Numerous changes are associated with an age-related decline in testosterone. Women can go through these changes quickly, with a sudden change, or more typically, slowly over a period of time, with a gradual hormone decline. Women can start this decline as early as their 30's, when the body's production of testosterone starts to drop by 1-2% each year.

Benefits of testosterone:

• Increased libido and improved sexual function
• Increased bone density
• Improved mood and/or stabilization of mood swings
• Possible decrease in BMI (body mass index)
• Increased muscle mass
• Improved glycemic control, insulin resistence, and cholesteol levels for type 2 diabetes.
• Improved quality of life (i.e. memory, cognition)

Risks of Low testosterone levels:

• Lack of sexual desire

-After menopause, women might experience a dip in their sex drive. This could be the result of lowering testosterone levels. In some women, testosterone patches have been found to revive sex drive. However, that treating reduced libido requires more than just testosterone. Therapy and creativity could also help improve your sex life.

• Keep bones healthy

-The correct balance of testosterone furthers and supports the growth and strength of healthy bones, while too much or too little can harm bones. Testosterone replacement after menopause could help some women maintain healthy bones.

• Not being able to manage pain levels effectively

-Women who take birth control pills and who have levels of testosterone that are out of balance with levels of estrogen might have less ability to manage their pain response.

• Deterioration of mental and physical condition

-Changes in cognition and cognitive fatigue may be related to changing hormone levels. Correcting testosterone levels might help prevent cognitive fatigue, according to research in gynecological enocrinology.

DHEA

Dehydroepiandrosterone is primarily an adrenal hormone and serves as a precursor to both androgens and estrogens. DHEA is a steroid hormone made by the adrenal glands that acts in the body much like testosterone and is converted into testosterone and estrogen. As with most hormones, the blood levels of DHEA decline with age.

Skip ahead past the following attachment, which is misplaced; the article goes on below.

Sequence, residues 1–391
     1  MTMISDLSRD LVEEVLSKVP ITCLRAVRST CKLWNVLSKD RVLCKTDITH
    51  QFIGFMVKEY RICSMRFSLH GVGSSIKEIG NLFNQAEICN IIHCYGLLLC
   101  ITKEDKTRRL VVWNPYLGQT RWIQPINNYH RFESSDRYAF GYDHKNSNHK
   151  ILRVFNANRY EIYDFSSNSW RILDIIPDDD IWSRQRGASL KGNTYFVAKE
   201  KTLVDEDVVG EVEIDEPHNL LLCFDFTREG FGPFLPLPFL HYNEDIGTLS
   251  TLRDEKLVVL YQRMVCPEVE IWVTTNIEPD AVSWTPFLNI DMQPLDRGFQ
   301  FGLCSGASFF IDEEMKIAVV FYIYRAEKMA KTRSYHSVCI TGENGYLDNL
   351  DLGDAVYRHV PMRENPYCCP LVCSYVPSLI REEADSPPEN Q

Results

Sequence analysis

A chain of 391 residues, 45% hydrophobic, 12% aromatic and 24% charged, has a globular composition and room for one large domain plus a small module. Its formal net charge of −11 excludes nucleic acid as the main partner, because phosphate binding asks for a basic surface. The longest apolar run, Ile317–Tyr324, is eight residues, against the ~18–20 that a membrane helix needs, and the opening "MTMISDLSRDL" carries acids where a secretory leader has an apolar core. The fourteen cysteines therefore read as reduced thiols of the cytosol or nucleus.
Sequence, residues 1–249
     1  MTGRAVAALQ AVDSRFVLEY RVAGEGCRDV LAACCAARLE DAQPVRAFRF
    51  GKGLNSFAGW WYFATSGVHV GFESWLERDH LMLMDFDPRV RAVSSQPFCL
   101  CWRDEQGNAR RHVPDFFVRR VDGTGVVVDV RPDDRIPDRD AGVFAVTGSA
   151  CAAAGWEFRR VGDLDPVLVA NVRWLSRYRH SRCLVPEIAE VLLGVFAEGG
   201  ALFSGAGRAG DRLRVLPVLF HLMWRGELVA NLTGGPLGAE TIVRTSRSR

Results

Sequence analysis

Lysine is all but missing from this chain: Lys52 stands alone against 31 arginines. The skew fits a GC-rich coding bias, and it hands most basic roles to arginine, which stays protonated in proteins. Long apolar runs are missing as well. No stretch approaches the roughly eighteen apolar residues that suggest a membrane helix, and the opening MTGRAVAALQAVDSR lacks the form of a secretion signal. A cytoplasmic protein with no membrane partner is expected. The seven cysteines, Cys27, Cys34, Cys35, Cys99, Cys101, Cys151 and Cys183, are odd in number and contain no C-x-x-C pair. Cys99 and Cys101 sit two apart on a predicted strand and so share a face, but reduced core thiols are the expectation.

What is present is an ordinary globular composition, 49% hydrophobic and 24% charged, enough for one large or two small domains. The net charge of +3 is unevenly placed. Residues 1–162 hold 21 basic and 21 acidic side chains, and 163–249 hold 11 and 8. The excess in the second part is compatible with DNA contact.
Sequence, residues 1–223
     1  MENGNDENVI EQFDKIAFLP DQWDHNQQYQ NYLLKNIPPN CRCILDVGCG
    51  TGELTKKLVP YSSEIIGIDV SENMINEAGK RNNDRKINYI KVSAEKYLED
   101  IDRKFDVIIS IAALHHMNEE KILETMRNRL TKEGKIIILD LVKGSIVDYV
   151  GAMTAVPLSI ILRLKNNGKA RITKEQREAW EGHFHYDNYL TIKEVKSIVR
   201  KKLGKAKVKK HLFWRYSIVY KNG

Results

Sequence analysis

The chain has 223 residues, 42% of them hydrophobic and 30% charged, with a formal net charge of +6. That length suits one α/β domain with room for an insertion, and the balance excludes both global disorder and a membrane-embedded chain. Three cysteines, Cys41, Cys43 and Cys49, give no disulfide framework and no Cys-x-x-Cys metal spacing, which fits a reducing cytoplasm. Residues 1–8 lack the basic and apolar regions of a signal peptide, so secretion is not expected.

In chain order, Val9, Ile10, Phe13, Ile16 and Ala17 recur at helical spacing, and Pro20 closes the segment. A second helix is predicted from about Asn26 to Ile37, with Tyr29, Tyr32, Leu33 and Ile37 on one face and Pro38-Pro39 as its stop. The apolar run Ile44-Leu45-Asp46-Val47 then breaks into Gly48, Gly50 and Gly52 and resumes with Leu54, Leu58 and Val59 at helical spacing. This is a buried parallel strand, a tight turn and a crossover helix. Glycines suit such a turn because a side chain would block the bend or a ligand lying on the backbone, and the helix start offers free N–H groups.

Metabolized from DHEA-S and back to DHEA. It is a precursor of 75%-100% of engogenous estrogen in women. Support may enhance progesterone production from adrenal gland. DHEA is the highest production of any steriod other than cholesterol. Levels of DHEA decline by 10% per decade after the age of 20.

Benefits of DHEA:

• Improved sex drive
• Increased energy
• Improved immune function
• Improved sleep
• Better memory
• Increased happiness
• Reduced cardiovascular disease
• Weight loss (through reduced insulin resistance)

Pregnenlone

Pregnenlone is an endogenous steroid and metabolic intermediate in the biosynthesis of most of the steroid hormones, including the progestogens. It is a precursor hormone synthesized from cholesterol, principally in the adrenal glands, but also in the liver, skin, brain, testicles, and ovaries.

As with other hormones, levels decline with age. However, stress of the adrenal glands can lower the pregnenlone levels even more in the body. Maintaining strong adrenal function is important for optimizing your cortisol level, controlling blood sugar, insulin levels, and overall physical fitness. Pregnenlone is considered to be one of the most important hormones because it has a balancing effect on the levels of the other hormones; if it is low, the other hormones are low, on the other hand, if the levels are high, the other hormones are high.

Benefits of pregnenlone:

• Increased energy
• Enhanced memory
• Decreased stress levels
• Improved immunity
• Improved skin quality due to psoriasis, scleroderma, etc.
• Decreased arthritis
• Improved mood
• Improved heart function

Symptons of menopause

• Vaginal dryness
• Hot flashes (estrogen withdrawal without P)
• Mood swings
• Water retention
• Depression/anxiety/fatigue
• Carbohydrate cravings/increased appetite
• Headaches
• Weight gain especially abdominal

Symptons of PMS

• Breast tenderness/fibrocystic change
• Hot flashes
• Headaches
• Mood swings
• Water retention
• Depression/anxiety/fatigue

• Carbohydrate cravings/increased appetite
• Weight gain especially abdominal

All these are corrected by balancing the hormones and improving the patient's production of these hormones.



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Martha Johnson
10 Hours Ago